— Captain Desmond, V.C. • Maud Diver

... correct, which once seemed absolutely false. If so, where, precisely, ends its power of carrying facts? Thus considered, the kinds of marvellous events recorded in the Gospels, for example, are no longer to be dismissed on a priori grounds as 'mythical.' We cannot now discard evidence as necessarily false because it clashes with our present ideas of the possible, when we have to acknowledge that the very same evidence may safely convey to us facts which clashed with our fathers' notions of what is possible, but which are now accepted. Our notions ...
— The Making of Religion • Andrew Lang

... she encountered the temptation, the opportunity, or the person where the impulse to discard convention, conviction, training, had so irresistibly presented itself. Nor could she understand it now; yet she was aware, instinctively, that she was on the verge of the temptation and the opportunity; that there existed a subtle something in this man, in herself, that tempted to conventional ...
— The Firing Line • Robert W. Chambers

... price for a man with an office full of imposing-looking books, not a tenth part of which he has ever read, or intends ever to read. I admit there's a good deal of bunco in the game, but if you sit in you've got to play it that way, or the dear public will throw you into the discard. Many a man who votes himself a salary in five figures—or gets a friendly board of directors to do it for him—if thrown unfriended between the millstones of supply and demand probably couldn't qualify for your modest hundred dollars a month and board. But he has risen ...
— Dennison Grant - A Novel of To-day • Robert Stead

... clerk for J. W. Bass and Company, Mr. Hill made the acquaintance of Norman Kittson, as picturesque a figure as ever wore a coonskin cap, and evolved from this to all the refinements of Piccadilly, only to discard these and return to the ...
— Little Journeys to the Homes of the Great, Volume 11 (of 14) - Little Journeys to the Homes of Great Businessmen • Elbert Hubbard

... endured, are not to be measured. A vulgar woman, and now justly incensed, Mrs. Pepys spared him no detail of suffering. She was violent, threatening him with the tongs; she was careless of his honor, driving him to insult the mistress whom she had driven him to betray and to discard; worst of all, she was hopelessly inconsequent in word and thought and deed, now lulling him with reconciliations, and anon flaming forth again with the original anger. Pepys had not used his wife well; he had wearied her with jealousies, even while himself unfaithful; ...
— Harvard Classics Volume 28 - Essays English and American • Various

... Meyers waved the interruption away with a gesture of his strangely slim hands. "This ain't an argument. It's facts. Another ten years on the road, and where'll you be? In the discard. A man of forty-six can keep step with the youngsters, even if it does make him puff a bit. But a woman of forty-six—the road isn't the place for her. She's tired. Tired in the morning; tired at night. She wants her kimono ...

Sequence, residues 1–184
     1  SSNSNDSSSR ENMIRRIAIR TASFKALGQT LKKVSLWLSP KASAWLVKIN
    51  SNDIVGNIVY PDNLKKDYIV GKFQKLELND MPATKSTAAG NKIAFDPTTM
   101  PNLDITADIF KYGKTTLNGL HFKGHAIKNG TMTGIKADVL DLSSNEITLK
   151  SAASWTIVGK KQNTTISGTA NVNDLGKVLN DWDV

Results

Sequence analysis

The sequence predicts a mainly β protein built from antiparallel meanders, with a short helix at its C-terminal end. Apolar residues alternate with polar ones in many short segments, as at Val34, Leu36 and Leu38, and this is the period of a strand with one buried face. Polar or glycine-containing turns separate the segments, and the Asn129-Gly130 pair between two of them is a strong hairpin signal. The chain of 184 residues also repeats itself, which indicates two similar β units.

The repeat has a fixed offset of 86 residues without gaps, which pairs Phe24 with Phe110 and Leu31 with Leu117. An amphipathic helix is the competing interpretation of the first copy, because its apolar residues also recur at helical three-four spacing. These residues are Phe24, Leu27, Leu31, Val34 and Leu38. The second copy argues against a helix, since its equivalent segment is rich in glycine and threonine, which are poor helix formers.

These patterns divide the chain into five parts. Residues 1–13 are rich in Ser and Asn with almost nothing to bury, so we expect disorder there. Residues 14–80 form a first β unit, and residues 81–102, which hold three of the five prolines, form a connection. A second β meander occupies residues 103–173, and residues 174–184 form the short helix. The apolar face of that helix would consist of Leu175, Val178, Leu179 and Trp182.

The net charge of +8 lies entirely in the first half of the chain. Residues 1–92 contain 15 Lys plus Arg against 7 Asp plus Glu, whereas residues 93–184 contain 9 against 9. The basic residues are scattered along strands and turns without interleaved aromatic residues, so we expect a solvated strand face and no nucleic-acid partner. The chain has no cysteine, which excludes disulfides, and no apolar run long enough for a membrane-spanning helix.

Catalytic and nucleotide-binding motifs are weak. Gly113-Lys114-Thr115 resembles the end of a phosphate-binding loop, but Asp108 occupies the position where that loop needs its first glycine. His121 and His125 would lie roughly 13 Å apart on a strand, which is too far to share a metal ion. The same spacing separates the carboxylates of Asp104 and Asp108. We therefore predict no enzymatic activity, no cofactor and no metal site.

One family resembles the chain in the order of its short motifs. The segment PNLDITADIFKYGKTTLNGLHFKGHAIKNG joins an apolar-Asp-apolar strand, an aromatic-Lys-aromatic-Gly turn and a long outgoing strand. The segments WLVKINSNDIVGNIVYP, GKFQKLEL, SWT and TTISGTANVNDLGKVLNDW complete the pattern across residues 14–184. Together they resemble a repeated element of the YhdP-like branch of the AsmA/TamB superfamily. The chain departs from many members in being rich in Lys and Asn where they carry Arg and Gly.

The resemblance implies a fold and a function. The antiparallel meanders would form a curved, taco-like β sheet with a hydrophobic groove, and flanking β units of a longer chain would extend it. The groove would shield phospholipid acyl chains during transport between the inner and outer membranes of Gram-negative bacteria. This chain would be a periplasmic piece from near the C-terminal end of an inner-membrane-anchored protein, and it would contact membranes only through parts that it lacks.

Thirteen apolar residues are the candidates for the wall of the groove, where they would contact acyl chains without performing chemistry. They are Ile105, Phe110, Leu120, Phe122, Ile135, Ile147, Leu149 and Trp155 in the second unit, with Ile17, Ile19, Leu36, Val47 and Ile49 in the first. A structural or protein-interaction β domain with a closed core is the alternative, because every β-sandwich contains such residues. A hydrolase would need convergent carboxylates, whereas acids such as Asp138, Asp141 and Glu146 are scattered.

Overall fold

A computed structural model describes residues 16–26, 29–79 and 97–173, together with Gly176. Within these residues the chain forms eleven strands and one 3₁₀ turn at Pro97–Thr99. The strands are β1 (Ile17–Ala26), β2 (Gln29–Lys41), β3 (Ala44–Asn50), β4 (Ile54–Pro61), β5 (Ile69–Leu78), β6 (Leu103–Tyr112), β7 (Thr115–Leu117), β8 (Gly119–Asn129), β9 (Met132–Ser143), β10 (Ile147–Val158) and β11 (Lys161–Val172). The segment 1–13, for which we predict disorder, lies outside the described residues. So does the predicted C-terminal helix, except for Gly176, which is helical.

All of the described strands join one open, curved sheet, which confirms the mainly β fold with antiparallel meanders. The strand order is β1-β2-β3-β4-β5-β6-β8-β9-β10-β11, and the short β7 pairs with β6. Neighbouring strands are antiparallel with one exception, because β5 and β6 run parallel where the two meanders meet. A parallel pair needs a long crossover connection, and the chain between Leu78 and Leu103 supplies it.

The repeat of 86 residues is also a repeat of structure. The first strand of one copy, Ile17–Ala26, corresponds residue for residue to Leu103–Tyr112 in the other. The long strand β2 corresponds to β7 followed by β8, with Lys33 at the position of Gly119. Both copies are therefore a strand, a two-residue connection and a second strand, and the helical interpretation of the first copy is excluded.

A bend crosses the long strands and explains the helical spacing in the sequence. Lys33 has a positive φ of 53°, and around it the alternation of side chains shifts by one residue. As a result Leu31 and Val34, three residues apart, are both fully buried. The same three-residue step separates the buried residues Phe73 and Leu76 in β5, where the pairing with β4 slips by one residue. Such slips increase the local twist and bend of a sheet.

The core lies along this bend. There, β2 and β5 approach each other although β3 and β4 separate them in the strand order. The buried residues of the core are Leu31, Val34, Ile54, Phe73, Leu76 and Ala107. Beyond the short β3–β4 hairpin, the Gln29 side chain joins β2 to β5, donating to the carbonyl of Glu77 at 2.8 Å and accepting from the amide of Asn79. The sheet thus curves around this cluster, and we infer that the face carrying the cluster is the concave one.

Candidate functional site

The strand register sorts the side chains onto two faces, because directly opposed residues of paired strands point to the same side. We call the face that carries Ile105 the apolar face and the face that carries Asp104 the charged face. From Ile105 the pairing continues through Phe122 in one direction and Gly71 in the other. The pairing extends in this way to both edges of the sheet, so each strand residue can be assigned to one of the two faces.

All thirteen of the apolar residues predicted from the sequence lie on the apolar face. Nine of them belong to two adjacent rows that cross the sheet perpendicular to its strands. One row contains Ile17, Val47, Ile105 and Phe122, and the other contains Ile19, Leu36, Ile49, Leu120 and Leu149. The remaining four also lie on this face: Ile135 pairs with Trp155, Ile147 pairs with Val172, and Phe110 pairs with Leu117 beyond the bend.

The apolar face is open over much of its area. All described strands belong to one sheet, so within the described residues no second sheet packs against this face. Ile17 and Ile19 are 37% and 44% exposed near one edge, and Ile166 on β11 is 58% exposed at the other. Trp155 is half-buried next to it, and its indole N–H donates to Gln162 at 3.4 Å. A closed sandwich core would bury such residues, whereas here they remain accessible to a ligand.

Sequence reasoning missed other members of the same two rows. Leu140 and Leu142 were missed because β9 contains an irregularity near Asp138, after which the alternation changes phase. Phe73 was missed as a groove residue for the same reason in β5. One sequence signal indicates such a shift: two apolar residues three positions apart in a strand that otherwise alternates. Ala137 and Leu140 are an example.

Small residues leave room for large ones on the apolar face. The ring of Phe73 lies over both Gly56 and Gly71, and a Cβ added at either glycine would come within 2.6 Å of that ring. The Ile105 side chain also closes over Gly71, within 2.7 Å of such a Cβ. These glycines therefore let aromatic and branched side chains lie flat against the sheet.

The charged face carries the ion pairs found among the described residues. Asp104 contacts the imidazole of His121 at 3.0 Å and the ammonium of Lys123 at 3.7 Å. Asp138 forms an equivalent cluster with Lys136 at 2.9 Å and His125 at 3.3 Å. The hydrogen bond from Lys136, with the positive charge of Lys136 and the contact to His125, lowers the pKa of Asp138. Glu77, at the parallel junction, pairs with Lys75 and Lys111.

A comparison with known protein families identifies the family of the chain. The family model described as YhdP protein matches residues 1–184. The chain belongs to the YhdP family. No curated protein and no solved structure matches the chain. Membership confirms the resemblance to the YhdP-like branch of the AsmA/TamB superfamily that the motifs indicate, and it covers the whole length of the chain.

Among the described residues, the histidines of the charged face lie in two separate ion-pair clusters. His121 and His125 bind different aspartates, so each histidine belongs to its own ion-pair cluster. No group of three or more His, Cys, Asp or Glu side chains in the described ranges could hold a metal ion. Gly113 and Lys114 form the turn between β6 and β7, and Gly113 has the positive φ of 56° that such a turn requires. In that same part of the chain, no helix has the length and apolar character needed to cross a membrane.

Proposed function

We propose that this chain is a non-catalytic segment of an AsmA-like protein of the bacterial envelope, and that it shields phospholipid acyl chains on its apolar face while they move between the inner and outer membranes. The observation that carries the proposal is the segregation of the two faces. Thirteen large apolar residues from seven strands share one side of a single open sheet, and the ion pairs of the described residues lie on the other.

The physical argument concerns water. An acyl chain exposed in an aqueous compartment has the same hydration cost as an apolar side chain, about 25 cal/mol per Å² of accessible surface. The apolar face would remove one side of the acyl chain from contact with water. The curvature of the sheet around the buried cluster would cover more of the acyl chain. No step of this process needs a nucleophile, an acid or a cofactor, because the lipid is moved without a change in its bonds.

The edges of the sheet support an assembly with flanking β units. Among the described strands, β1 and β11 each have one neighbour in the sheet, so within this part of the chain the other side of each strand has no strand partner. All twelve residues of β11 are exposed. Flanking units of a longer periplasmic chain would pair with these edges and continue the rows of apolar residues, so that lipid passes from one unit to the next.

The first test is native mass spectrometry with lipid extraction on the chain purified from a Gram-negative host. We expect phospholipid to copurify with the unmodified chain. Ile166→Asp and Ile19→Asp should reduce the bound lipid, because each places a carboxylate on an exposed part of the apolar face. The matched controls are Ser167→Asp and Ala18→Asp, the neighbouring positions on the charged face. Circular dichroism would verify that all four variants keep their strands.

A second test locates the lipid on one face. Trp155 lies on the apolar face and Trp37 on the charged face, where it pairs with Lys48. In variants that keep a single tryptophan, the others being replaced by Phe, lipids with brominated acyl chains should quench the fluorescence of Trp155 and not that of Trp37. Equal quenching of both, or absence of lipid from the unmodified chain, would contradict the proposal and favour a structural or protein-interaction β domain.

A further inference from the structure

— Roast Beef, Medium • Edna Ferber

... itself, unless an army is synonymous with the body politic. Nor, fourthly, do I mean by Theology that vague thing called "Christianity," or "our common Christianity," or "Christianity the law of the land," if there is any man alive who can tell what it is. I discard it, for the very reason that it cannot throw itself into a proposition. Lastly, I do not understand by Theology, acquaintance with the Scriptures; for, though no person of religious feelings can read Scripture but he ...
— The Idea of a University Defined and Illustrated: In Nine - Discourses Delivered to the Catholics of Dublin • John Henry Newman

... here given is based on Coston and on Jung, who follows the former in his reprint of the documents, giving the very dubious reference, Mss. Archives de la guerre. Although these manuscripts could not be found by me, I am not willing to discard Jung's authority completely nor to impugn his good faith. Men in office frequently play strange pranks with official papers, and these may yet be found. Moreover, there is some slight collateral evidence. See Vieux: Napoleon a Lyon, ...
— The Life of Napoleon Bonaparte - Vol. I. (of IV.) • William Milligan Sloane

... him for a moment oddly. The humor of the situation struck him all at once; but the smile of derision died on his lips. After all, perhaps he was in the discard ...
— The Rose in the Ring • George Barr McCutcheon

... oldest and most ragged monk's habit, and carried a staff. Over his threadbare dress he wore another of finer texture which it was his intention to discard ere entering before the shrine, in order to appear most lowly and humble in the eyes of the shrewd Tsaritza. We left Petrograd at night, that our departure should not be known and commented upon, but ere ...